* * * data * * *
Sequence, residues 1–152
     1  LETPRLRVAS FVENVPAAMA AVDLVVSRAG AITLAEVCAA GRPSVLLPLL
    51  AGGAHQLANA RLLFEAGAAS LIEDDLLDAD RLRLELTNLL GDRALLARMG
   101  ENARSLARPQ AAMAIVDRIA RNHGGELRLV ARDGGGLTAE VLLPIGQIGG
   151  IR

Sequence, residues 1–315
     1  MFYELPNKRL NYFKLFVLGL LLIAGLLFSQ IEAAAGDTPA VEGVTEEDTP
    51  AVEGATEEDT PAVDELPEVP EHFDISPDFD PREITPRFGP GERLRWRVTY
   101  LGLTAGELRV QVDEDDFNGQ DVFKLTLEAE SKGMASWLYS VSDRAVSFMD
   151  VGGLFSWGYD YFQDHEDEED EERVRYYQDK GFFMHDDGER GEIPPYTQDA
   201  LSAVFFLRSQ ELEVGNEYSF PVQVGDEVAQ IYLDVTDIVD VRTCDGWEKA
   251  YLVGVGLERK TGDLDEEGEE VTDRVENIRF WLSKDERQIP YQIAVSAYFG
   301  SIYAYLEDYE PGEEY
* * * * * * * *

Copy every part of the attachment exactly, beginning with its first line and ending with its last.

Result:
Sequence, residues 1–152
     1  LETPRLRVAS FVENVPAAMA AVDLVVSRAG AITLAEVCAA GRPSVLLPLL
    51  AGGAHQLANA RLLFEAGAAS LIEDDLLDAD RLRLELTNLL GDRALLARMG
   101  ENARSLARPQ AAMAIVDRIA RNHGGELRLV ARDGGGLTAE VLLPIGQIGG
   151  IR

Sequence, residues 1–315
     1  MFYELPNKRL NYFKLFVLGL LLIAGLLFSQ IEAAAGDTPA VEGVTEEDTP
    51  AVEGATEEDT PAVDELPEVP EHFDISPDFD PREITPRFGP GERLRWRVTY
   101  LGLTAGELRV QVDEDDFNGQ DVFKLTLEAE SKGMASWLYS VSDRAVSFMD
   151  VGGLFSWGYD YFQDHEDEED EERVRYYQDK GFFMHDDGER GEIPPYTQDA
   201  LSAVFFLRSQ ELEVGNEYSF PVQVGDEVAQ IYLDVTDIVD VRTCDGWEKA
   251  YLVGVGLERK TGDLDEEGEE VTDRVENIRF WLSKDERQIP YQIAVSAYFG
   301  SIYAYLEDYE PGEEY